Sir Walter Baldwin Spencer, second director of Museum Victoria. This plate was published in Spencer's Last Journey.
Source: Museum Victoria
Today marks the 150th anniversary of the birth of Sir Walter Baldwin Spencer, the museum’s second director and noted biologist, photographer, editor, anthropologist and connoisseur.
After the death of Sir Frederick McCoy in 1899, English-born Spencer was made honorary director of the National Museum of Victoria, which he promptly relocated from the University of Melbourne to Swanston Street. His lasting legacy to Museum Victoria includes a vast ethnographic collection from Central Australia, including some of the earliest film and sound recordings ever made of Aboriginal ceremonial performances and song.
In 1887, as the Professor of Biology at the University of Melbourne, he was the first-card carrying Darwinist to be appointed to an Australian university and his department was the first to hire female lecturers and professors. He soon established himself as an energetic leader who excelled in the laboratory, the lecture room and in the field. He was also a keen sponsor of young Australian artists such as Tom Roberts and Arthur Streeton, and became an influential advocate for the inclusion of modern Australian art in state collections.
In 1894 he was appointed as photographer and zoologist to the Horn Scientific Exploring Expedition to central Australia. This was a turning point in Spencer’s career; while in the centre he took the first photographs of classic Australian landscapes such as Chambers Pillar, Uluru and Palm Valley, he collected widely and met a handful of outback characters with whom he would collaborate for several decades.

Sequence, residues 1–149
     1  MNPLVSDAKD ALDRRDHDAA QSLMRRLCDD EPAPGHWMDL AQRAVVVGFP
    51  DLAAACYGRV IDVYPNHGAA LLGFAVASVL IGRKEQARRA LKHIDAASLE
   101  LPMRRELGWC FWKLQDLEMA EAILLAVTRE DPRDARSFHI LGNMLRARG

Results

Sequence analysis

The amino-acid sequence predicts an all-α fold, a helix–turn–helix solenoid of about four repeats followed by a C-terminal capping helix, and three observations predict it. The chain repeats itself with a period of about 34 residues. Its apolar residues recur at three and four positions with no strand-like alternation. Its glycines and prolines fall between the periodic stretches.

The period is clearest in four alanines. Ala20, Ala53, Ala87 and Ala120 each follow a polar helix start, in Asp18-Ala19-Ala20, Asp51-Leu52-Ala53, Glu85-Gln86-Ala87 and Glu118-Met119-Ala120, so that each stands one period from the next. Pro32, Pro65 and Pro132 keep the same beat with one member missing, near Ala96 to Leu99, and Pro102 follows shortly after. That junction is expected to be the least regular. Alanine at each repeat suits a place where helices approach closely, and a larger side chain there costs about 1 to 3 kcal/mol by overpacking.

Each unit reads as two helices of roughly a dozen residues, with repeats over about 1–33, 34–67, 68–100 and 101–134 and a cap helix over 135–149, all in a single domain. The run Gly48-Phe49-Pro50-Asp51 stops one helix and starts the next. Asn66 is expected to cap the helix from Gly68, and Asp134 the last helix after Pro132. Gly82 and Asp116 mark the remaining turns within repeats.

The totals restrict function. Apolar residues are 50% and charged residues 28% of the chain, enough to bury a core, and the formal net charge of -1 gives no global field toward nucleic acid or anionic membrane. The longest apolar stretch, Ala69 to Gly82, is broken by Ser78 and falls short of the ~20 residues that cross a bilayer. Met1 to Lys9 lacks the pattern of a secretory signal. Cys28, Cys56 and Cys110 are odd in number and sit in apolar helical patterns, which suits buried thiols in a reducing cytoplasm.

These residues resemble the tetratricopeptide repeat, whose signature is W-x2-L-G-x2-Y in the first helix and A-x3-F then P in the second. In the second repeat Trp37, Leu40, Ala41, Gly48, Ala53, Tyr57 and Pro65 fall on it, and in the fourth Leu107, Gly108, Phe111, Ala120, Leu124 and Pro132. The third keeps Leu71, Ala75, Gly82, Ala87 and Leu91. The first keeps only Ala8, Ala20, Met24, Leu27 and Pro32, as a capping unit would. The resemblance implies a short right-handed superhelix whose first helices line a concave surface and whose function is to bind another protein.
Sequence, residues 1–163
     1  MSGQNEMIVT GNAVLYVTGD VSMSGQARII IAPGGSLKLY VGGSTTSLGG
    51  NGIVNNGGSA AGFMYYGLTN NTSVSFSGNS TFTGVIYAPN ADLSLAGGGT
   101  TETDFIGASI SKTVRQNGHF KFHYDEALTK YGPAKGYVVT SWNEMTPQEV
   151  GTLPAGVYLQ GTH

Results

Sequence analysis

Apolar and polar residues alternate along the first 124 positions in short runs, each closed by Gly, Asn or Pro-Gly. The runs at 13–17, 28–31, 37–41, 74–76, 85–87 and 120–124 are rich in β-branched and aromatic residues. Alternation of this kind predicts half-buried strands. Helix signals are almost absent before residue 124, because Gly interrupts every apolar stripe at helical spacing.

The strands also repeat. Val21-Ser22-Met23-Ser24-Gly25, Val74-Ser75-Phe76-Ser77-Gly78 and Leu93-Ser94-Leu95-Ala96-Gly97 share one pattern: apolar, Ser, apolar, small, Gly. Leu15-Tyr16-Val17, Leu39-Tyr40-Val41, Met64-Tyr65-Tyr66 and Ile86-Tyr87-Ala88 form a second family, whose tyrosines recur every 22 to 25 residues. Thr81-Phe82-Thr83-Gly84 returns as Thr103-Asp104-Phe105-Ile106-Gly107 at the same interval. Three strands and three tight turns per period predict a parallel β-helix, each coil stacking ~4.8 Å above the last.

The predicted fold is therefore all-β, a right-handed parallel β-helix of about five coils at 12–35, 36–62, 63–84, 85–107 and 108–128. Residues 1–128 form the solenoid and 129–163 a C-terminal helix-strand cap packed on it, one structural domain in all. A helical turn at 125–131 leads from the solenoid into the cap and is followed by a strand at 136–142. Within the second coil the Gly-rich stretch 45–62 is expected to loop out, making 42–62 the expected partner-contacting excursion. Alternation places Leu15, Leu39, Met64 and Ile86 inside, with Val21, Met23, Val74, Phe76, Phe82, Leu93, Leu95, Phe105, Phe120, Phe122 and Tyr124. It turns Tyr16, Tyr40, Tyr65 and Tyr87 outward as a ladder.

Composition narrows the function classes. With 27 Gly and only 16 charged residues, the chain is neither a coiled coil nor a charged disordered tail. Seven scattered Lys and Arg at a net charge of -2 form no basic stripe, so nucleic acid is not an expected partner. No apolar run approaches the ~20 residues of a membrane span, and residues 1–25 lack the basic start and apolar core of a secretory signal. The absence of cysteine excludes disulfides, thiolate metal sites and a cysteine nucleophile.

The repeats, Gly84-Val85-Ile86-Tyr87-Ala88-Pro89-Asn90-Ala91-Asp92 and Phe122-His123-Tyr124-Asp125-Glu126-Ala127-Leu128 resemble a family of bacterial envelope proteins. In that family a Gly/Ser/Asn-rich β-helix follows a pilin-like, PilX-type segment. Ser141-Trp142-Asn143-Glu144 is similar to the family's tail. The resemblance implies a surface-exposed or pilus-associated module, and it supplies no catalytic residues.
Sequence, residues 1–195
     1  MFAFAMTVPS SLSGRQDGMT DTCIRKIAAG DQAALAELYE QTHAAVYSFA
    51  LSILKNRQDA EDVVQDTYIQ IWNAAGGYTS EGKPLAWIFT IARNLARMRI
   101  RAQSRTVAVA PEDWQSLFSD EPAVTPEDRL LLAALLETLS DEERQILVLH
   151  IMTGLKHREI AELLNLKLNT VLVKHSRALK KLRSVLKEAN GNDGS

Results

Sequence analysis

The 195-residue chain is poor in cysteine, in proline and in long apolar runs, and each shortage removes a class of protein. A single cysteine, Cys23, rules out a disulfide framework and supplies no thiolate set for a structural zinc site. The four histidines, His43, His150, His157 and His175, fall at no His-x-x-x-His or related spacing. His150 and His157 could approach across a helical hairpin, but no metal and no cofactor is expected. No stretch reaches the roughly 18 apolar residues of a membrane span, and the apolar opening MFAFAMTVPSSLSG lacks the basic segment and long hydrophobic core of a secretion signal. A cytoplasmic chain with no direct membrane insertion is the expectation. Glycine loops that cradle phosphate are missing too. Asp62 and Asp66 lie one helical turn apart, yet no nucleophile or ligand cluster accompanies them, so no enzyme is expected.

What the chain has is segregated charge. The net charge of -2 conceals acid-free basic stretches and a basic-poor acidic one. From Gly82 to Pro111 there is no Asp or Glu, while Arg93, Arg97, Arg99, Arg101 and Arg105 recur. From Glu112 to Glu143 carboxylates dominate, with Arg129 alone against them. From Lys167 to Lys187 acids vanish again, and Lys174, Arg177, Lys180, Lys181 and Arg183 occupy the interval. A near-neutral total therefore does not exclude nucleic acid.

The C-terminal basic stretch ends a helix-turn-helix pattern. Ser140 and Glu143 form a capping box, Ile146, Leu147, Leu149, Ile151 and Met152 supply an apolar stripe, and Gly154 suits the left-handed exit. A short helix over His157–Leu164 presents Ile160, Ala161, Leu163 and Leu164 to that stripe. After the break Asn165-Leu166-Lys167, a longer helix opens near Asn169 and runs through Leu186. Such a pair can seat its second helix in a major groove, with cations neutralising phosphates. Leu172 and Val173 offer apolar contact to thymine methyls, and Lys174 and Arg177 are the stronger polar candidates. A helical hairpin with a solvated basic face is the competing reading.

In Alice Springs Spencer developed a personal friendship and professional relationship with Francis J. Gillen. Their collaboration in anthropological research began in earnest during the summer of 1896-97 where they documented a number of ceremonies performed by the Arrernte people from the Alice Springs region. In 1901 Spencer and Gillen continued their work together and spent a year travelling between Oodnadatta and Borroloola, collecting further information regarding the Aboriginal cultures encountered along the way.
Their resulting publications had a profound influence on the early development of anthropology, particularly in Europe, and affected the ideas of Emile Durkheim and Sigmund Freud among others. Spencer and Gillen continue to shape the knowledge about past and present Aboriginal life. Just as importantly, it also provides an invaluable cultural archive for the descendants of the Aboriginal people with whom Spencer and Gillen worked in Central Australia.
In 2009, the Australian National University, Museum Victoria and the South Australian Museum received funds from the Australian Research Council to undertake research into the Spencer-Gillen collection. One of the critical aims of the project is to digitise the entire Spencer-Gillen collection, including objects, photographs, manuscripts, diaries, correspondence and other material. Ultimately, an online database will make this material more accessible for researchers, Aboriginal people and the wider public.